4. Calculate the lower band: The lower band is calculated by subtracting two standard deviations from the simple moving average.

Bollinger Bands, a well-renowned technical analysis tool, incorporates standard deviation in its calculation to give a comprehensive understanding of market volatility. The use of standard deviation adds an extra dimension to the indicator, enabling traders to gauge the extent of price fluctuation in security.

A higher standard deviation reflects elevated volatility, whereas a lower standard deviation portrays limited price movement. Thus, the incorporation of standard deviation in Bollinger Bands calculation offers valuable insight into market trends, empowering traders to make informed decisions.

PRO tip: Bollinger Bands will generate stronger signals if the SMA is calculated over a longer period. So, a 100 SMA signal will be stronger than a 20 SMA signal. However, the longer the SMA period, the less often the signals will be generated. The choice between the number of trading signals and their “quality” is in your hands.

Interpreting Bollinger Bands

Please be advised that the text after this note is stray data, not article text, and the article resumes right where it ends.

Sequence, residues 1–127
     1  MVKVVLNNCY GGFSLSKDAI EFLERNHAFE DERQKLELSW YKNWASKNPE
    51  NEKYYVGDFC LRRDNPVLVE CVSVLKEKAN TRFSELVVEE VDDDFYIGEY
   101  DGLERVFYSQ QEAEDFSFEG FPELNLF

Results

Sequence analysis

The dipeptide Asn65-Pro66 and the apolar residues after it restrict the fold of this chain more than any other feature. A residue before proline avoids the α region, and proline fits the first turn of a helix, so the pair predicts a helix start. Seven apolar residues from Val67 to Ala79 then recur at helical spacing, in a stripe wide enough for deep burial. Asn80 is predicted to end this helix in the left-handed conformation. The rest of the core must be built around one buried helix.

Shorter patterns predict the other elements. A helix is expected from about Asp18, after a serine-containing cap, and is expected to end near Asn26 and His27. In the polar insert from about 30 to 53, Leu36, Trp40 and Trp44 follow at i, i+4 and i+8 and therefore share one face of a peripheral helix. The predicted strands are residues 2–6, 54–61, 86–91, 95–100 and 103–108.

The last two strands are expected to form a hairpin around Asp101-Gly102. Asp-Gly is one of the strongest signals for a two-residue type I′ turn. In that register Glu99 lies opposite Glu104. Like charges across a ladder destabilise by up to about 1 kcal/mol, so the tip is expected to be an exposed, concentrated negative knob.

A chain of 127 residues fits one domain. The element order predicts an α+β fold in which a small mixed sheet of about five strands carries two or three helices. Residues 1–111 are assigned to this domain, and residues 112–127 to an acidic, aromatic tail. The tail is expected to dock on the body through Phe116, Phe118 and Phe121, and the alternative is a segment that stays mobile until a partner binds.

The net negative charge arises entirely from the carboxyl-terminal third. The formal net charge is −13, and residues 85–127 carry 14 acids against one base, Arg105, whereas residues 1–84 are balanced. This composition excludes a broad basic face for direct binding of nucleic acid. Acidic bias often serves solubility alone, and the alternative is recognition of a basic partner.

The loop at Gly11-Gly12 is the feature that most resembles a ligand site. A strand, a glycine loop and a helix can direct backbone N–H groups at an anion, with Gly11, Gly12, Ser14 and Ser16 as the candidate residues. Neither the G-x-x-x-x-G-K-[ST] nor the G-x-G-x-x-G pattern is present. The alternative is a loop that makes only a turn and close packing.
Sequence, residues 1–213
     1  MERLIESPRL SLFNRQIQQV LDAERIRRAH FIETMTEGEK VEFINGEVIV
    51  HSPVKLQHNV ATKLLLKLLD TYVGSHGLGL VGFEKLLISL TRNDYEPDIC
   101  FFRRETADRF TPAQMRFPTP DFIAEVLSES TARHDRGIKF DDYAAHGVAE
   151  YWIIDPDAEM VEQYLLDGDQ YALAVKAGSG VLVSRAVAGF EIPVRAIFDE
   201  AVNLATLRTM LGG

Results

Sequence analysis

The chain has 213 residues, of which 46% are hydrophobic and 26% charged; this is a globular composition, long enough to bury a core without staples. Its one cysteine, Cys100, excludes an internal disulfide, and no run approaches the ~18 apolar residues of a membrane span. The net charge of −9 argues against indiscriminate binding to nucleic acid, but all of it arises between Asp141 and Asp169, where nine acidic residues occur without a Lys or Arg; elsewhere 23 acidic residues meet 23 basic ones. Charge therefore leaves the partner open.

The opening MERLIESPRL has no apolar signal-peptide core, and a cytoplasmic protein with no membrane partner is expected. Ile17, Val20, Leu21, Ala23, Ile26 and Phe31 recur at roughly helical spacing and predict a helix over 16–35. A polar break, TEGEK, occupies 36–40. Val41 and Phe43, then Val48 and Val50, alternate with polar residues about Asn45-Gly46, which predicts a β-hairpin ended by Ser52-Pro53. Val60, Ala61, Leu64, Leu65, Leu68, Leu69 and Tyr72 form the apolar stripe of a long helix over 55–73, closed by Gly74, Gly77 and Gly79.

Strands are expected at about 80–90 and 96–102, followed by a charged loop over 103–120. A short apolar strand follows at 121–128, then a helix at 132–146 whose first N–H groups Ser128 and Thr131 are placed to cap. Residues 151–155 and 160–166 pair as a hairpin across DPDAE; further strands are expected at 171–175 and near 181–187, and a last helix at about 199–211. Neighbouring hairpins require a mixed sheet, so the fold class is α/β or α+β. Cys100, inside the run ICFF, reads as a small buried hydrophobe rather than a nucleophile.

Bollinger Bands are an effective tool to measure market volatility and help traders make informed trading decisions. In this section, we will explore how Bollinger Bands show market volatility and understand the distance between the bands and price action.

How Bollinger Bands Show Market Volatility

The Bollinger Band indicator helps traders and investors gauge the level of volatility in the market. The Bollinger Bandwidth, which is the difference between the upper and lower Bollinger Bands, is the key to understanding this versatile tool.

During volatile market conditions, the distance between the Bollinger Bands widens, reflecting a high level of volatility. Conversely, during stable market conditions, the distance between the bands narrows, indicating lower volatility. With the ability to measure market volatility, the Bollinger Band indicator is a valuable tool in any trader or investor’s arsenal.

The Bollinger Lines provide a visual representation of the market’s volatility and are an important aspect of the Bollinger Band indicator.

Understanding the Distance Between the Bands and Price Action

The interpretation of the interplay between the Bollinger Bands and price action can be an insightful technique for traders and investors to predict potential price movements.

Utilizing the Bollinger indicator to observe price action near the upper band suggests a potential overbought market, while price action consistently near the lower band may indicate an oversold market, indicating the possibility of a price correction or rebound. Thus, the Bollinger Bands, in conjunction with price action analysis, can be a valuable tool for informed trading decisions.